The transformation in defense and strategic ties with India stands as one of the great changes of the past fifteen years. India went from seeing Russia as its primary defense partner to diversifying its suppliers, and from a limited defense relationship with the United States to one in which it exercises more with U.S. forces than with any other country. India recently participated in this year’s Red Flag held in Alaska, took part in the Rim of the Pacific Exercise (RIMPAC) last year, and will do so again this year.

The geostrategic case for stronger defense ties with India is well known. Successive U.S. administrations have viewed a stronger, more capable India as a bulwark of democracy in a volatile region, and as a model across Asia capable of ensuring that no single country dominates the region. India’s military capabilities also increasingly make it a regional first responder for humanitarian assistance and disaster relief, as demonstrated with the Nepal earthquake last year, where it took an immediate leading role. During last year’s humanitarian crisis in Yemen, similarly, India took the lead evacuating not only its own citizens but also many other nationals, including stranded Americans. 13 India has also served as a major donor to Afghanistan, the fifth-largest over the past fifteen years, and has been an important source of humanitarian assistance, infrastructure development, and training for civilian officials and military officers on Indian soil. 14 We could be doing more with India on civilian security in Afghanistan, including on training, rule of law, and other areas.

India’s air capabilities acquired from the United States—its C-17s, C-130Js, and P-8is—give it the ability to respond quickly in a disaster (such as sending relief to cyclone-hit Sri Lanka last week), haul supplies over long range, and conduct maritime surveillance in the greater Indian Ocean region. It is building aircraft carriers to augment its fleet of one, and one of the “pathfinder” projects in the U.S.-India Defense Trade and Technology Initiative concerns aircraft carrier technology. As the Task Force observed, defense ties “have progressed well…but still have much room to grow.” The Task Force recommended building further on security cooperation, while expanding “across the entire spectrum. Homeland security and counterterorrism cooperation should receive added emphasis.” 15

Having recognized the great steps taken over the past decade, it is also true that U.S. and Indian systems for

defense cooperation and acquisition are still learning to work with each other’s differences. It has taken a long time to work through with Indian colleagues precisely how to approach foundational matters like end use monitoring, resolved in 2009 but not without a political firestorm in India over questions of sovereignty. Following Secretary of Defense Ashton Carter’s visit to India, it appears that an approach to logistics support, evolving to a joint “logistics exchange memorandum” according to the Indian press, could be signed soon. Secretary Carter has had the right approach: be patient as the Indian system works through its responses to U.S. templates, and be flexible. A longer path to achieve agreements that take on a shape of their own should be the expectation; long negotiations or extended deliberations should not be interpreted as some kind of failure.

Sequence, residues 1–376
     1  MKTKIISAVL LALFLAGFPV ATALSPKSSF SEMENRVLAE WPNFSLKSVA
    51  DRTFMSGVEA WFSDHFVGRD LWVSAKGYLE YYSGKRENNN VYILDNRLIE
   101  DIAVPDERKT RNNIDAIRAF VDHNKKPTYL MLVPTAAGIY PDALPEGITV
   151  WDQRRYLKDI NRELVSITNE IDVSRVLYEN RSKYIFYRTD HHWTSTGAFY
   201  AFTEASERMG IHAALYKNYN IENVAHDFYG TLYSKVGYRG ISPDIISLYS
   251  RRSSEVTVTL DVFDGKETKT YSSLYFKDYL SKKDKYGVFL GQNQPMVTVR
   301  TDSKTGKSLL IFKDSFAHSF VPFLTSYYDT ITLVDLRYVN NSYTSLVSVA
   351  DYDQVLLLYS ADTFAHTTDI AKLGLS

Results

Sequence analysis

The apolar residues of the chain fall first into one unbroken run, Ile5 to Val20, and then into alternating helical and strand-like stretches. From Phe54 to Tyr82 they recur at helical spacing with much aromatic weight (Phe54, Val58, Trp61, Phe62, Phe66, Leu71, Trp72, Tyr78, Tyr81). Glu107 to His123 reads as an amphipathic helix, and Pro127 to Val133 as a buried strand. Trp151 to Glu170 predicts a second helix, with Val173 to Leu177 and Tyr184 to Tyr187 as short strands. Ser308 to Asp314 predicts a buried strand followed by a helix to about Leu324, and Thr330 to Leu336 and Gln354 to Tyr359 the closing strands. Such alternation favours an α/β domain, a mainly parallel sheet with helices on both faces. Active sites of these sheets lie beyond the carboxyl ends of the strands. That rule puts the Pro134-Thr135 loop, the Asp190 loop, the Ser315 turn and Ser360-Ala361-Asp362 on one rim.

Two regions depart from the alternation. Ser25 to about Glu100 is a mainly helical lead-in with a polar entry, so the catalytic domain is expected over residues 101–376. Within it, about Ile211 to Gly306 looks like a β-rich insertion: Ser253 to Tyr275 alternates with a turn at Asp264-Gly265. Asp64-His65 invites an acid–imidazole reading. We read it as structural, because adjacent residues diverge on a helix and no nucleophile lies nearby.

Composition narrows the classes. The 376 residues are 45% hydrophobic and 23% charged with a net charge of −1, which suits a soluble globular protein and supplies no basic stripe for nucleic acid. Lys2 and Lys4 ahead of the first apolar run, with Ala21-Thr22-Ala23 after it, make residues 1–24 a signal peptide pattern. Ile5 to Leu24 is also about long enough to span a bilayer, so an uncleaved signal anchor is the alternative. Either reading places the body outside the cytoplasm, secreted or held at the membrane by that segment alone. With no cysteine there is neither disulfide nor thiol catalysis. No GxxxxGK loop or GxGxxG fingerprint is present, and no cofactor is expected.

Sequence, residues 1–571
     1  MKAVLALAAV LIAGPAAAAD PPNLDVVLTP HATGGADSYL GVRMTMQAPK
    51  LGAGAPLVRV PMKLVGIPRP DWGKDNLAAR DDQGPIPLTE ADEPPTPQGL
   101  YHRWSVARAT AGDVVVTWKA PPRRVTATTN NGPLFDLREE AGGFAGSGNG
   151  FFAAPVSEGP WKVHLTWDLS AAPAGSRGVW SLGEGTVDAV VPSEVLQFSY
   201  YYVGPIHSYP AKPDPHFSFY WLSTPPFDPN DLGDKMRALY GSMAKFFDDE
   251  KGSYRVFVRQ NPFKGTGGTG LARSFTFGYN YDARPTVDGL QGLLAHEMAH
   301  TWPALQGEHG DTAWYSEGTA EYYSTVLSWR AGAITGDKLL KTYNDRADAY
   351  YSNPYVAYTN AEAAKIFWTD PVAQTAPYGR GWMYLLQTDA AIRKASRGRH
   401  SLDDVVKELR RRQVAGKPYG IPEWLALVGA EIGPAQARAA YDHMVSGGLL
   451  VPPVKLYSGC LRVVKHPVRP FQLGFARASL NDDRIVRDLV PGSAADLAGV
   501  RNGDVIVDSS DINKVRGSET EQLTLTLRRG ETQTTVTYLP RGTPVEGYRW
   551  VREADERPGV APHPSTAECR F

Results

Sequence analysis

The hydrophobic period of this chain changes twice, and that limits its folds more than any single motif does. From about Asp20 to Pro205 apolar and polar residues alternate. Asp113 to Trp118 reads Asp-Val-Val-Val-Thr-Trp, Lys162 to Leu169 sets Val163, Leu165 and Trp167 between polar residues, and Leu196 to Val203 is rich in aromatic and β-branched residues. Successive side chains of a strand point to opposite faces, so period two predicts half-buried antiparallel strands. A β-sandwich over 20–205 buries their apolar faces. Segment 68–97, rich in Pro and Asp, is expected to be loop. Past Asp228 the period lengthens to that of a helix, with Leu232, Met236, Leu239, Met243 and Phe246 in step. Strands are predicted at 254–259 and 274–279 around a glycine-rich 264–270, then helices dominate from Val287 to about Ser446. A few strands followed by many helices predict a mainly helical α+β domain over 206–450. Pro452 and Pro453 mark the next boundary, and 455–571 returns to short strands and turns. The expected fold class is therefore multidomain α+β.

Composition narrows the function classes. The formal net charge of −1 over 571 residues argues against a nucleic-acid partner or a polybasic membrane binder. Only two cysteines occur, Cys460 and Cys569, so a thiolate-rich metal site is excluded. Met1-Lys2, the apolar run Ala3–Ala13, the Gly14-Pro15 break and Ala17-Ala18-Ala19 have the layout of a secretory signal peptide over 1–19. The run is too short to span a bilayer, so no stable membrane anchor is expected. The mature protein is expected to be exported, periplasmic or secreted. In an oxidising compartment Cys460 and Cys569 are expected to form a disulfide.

Preparing the United States for a More Global India As a final reflection, I would urge that members consider ways to better structure the enabling environment in the United States for working with India as a global power. Knowledge and familiarity with the world’s rising powers should be an economic preparedness issue for our own country—but our higher education metrics do not reflect this change. In U.S. colleges and universities, India receives far less attention than it should. American students do not study abroad in India at the levels one might expect; they head to the United Kingdom as their top study abroad destination, followed by Italy, Spain, France, China, Germany, Ireland, Costa Rica, Australia, Japan, and South Africa, with India coming in at number twelve, according to the Institute for International Education’s Open Doors 2015 report. Nearly twice as many U.S. students head to Costa Rica than opt for a semester abroad in India. Americans do not study Indian languages—and admittedly there are many—at the levels they do for Chinese, or even American Sign Language. Total enrollments in all Indian languages combined account for less than one-quarter those of Korean, and a mere fraction of more commonly taught languages (14 percent of Russian, 9.5 percent of Arabic, or 5 percent of Chinese). 16

U.S. funding mechanisms through the Higher Education Act routinely prioritize numerous other regions, providing greater resources for East Asia, Latin America, Russia and Eastern Europe, the Middle East, and Africa than for South Asia. The Fulbright mechanism has increased exchange between the United States and India for postgraduate and faculty fellowships, as the Indian government now shares the costs (and indeed, now the name: these are now called Fulbright-Nehru fellowships). But as Americans we ought to review more closely the incentive mechanisms to encourage students during their formative undergraduate years to study abroad in India, study a language, and place India on a par with the countries of Europe in terms of U.S. familiarity.

Recommendations for U.S. policy

  • 1. Look to a “joint venture” model as the ideal for U.S.-India partnership. We will see eye-to-eye in many areas, but not always with others. India is not a U.S. ally and does not seek the implied obligations that an alliance represents. Focus on the opportunities and do not let the differences crowd out or undermine the positive progress.